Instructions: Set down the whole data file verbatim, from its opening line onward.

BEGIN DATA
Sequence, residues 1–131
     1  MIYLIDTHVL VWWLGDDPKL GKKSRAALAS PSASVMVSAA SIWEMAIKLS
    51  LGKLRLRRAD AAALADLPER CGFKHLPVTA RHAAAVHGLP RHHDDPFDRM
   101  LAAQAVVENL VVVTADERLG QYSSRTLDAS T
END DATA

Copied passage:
Sequence, residues 1–131
     1  MIYLIDTHVL VWWLGDDPKL GKKSRAALAS PSASVMVSAA SIWEMAIKLS
    51  LGKLRLRRAD AAALADLPER CGFKHLPVTA RHAAAVHGLP RHHDDPFDRM
   101  LAAQAVVENL VVVTADERLG QYSSRTLDAS T